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Bill to strengthen charity watchdog’s powers

29 Apr 2022 / legislation Print

Bill to strengthen charity watchdog’s powers

The Government has approved a bill aimed at updating existing charity law, and strengthening the powers of the Charities Regulator.

It says that the amendments being proposed will introduce greater transparency in the way charities report.

The Minister for Rural and Community Development Heather Humphreys published the General Scheme of the Charities (Amendment) Bill 2022 today (29 April).

Higher thresholds

Higher thresholds

Key elements of the bill include: 

  • New financial thresholds to ensure more appropriate reporting requirements that reflect the size of a charity,
  • Clarification on the general duties of trustees,
  • Strengthening the regulator’s powers in relation to the protection of charitable organisations, and
  • Establishment of “the advancement of human rights” as a recognised charitable purpose.

Under the proposals, the threshold for preparing an annual statement of accounts would rise from the current €100,000 to €250,000. The threshold relates to a charity’s level of income and expenditure, and allows smaller charities to submit simplified statements.

Books of account

Another feature of the bill is a move to bring bodies that raise funds for higher-education institutions, such as university foundations, within the remit of charities legislation.

Now, such bodies are exempt from key provisions of the Charities Act 2009, and are not subject to statutory audit by the Comptroller and Auditor General.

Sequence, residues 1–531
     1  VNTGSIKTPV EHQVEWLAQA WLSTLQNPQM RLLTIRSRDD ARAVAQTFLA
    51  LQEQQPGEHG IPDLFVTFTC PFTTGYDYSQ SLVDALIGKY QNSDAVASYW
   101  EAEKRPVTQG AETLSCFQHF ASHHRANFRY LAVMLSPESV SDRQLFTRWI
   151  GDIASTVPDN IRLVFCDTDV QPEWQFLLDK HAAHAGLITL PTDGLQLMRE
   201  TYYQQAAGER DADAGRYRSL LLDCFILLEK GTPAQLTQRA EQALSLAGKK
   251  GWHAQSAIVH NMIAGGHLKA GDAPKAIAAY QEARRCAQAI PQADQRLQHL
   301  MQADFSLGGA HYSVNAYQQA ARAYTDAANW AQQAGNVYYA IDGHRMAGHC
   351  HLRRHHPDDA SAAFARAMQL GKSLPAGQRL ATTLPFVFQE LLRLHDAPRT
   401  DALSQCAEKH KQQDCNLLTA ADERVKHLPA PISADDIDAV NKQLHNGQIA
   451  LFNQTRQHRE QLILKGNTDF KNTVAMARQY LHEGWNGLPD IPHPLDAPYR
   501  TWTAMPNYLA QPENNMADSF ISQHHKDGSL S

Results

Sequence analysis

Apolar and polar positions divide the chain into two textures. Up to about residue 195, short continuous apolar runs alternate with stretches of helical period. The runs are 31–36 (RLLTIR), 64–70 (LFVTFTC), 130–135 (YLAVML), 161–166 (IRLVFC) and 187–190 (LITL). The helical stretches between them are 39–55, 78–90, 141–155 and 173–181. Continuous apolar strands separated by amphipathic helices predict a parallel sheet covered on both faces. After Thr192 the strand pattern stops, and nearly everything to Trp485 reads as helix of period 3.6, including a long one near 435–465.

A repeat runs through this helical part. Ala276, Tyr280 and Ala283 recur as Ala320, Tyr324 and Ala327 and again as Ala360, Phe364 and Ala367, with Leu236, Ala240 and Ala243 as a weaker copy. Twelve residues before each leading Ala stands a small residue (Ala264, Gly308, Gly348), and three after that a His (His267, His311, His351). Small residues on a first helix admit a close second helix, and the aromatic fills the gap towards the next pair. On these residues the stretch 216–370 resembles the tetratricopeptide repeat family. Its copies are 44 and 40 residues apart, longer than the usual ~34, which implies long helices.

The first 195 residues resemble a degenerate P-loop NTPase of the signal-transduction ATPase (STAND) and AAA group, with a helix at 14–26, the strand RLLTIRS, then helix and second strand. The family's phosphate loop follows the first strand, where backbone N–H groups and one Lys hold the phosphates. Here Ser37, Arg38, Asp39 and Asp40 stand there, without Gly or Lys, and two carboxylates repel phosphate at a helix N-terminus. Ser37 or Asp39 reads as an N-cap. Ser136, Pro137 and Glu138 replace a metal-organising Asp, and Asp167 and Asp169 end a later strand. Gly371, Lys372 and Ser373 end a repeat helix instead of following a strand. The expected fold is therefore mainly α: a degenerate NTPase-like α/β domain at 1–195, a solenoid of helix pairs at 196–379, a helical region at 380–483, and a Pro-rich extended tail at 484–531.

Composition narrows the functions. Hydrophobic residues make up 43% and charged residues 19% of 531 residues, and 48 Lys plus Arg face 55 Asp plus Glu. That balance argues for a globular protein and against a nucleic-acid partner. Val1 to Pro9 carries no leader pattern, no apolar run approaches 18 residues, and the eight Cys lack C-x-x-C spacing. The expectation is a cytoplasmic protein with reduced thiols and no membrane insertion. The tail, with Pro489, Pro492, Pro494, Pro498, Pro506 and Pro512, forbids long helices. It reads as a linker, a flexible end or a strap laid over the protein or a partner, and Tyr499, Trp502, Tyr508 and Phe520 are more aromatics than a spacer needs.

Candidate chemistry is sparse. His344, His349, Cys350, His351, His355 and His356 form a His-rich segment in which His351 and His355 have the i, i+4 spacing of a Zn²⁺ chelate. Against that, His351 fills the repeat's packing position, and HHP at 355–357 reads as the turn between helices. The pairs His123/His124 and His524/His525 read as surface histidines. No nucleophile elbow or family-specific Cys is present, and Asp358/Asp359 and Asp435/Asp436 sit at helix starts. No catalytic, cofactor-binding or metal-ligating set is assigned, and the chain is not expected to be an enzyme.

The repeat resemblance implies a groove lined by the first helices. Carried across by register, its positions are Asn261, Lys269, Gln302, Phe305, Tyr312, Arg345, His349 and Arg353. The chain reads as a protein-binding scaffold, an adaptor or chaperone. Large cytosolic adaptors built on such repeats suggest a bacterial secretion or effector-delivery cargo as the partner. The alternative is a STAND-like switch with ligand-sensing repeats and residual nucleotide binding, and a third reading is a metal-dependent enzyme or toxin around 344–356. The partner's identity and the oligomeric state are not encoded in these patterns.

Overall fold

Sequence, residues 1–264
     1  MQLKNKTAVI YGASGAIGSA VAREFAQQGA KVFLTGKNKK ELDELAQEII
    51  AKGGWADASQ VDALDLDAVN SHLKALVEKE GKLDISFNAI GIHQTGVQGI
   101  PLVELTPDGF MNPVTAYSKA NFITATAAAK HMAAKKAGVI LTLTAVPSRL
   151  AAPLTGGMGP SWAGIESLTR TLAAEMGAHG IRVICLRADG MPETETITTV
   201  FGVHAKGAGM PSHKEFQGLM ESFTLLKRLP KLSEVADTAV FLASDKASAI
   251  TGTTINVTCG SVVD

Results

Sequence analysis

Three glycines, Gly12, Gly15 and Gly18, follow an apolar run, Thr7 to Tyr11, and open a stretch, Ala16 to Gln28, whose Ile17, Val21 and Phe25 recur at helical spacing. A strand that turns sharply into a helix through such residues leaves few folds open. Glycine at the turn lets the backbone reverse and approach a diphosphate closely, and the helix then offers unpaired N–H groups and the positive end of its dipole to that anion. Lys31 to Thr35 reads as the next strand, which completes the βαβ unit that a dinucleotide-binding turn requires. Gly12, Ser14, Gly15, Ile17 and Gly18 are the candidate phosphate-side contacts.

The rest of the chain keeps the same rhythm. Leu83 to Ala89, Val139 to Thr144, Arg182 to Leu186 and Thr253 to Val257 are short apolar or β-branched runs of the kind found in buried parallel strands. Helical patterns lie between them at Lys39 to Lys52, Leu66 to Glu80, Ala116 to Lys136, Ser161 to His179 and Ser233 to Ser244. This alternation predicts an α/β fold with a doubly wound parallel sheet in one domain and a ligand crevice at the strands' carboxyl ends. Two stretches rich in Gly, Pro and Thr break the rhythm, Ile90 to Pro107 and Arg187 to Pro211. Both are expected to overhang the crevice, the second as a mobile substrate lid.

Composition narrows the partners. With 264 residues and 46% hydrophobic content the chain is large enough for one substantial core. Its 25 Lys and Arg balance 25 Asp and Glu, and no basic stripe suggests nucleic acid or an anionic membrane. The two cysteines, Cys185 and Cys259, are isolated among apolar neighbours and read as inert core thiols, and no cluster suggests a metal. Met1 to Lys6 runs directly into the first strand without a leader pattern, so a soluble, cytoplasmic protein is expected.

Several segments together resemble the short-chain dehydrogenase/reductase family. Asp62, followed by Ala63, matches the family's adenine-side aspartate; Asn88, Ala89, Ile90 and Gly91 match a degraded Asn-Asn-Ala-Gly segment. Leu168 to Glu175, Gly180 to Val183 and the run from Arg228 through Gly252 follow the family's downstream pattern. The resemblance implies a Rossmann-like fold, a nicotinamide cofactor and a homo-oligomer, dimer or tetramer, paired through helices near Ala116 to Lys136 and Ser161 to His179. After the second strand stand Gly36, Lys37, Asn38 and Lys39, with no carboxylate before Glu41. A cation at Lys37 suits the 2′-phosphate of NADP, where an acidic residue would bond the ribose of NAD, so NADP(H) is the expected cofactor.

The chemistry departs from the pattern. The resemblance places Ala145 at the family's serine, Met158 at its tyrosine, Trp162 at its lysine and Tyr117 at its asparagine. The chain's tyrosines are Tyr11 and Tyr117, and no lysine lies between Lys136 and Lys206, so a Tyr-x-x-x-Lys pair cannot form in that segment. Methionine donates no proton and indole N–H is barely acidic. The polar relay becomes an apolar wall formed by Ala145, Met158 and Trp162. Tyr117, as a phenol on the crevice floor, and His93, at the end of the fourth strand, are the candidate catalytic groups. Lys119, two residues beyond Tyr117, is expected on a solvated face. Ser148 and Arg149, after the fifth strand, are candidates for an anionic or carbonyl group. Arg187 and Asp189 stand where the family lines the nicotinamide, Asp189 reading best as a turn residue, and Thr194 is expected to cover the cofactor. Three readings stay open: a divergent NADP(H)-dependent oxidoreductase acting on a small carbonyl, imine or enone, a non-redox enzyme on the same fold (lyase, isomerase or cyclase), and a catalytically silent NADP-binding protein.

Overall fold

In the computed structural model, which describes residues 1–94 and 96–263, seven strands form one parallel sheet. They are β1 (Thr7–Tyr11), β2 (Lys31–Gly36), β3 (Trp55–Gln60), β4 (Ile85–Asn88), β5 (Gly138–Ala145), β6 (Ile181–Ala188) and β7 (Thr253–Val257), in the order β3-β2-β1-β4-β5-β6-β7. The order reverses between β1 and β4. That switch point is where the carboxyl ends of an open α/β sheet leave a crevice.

Another amendment would require charities that are companies to keep proper books of account.

The current wording of the legislation does not allow the regulator to remove a charity from the register, or impose sanctions, if it is a company.

Although such charities are required to keep proper books of account under company law, the relevant provision is not enforceable by the Charities Regulator.


Minister Humphreys praised the work done by charities, but pointed to some “high-profile controversies” in the sector in recent years.

“People want to know, when they donate to charity, that their money is going where it is supposed to, and that it is being managed properly and responsibly,” she said.

The bill will now go to the Joint Committee on Social Protection, Community and Rural Development, and the Islands for scrutiny.

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